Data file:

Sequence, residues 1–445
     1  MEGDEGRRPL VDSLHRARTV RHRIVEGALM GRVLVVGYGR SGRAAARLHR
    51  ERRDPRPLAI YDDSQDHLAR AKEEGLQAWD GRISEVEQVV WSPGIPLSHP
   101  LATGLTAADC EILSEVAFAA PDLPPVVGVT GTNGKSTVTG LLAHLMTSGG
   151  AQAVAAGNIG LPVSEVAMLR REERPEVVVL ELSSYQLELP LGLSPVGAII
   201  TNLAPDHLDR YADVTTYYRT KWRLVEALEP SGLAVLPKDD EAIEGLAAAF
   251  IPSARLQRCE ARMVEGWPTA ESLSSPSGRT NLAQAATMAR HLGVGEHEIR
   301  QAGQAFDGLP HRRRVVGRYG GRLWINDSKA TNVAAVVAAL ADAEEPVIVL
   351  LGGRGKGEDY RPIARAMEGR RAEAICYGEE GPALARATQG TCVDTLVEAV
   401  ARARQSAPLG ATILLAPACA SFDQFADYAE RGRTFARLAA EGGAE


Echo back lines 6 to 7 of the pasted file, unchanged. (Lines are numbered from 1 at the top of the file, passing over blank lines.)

   201  TNLAPDHLDR YADVTTYYRT KWRLVEALEP SGLAVLPKDD EAIEGLAAAF
   251  IPSARLQRCE ARMVEGWPTA ESLSSPSGRT NLAQAATMAR HLGVGEHEIR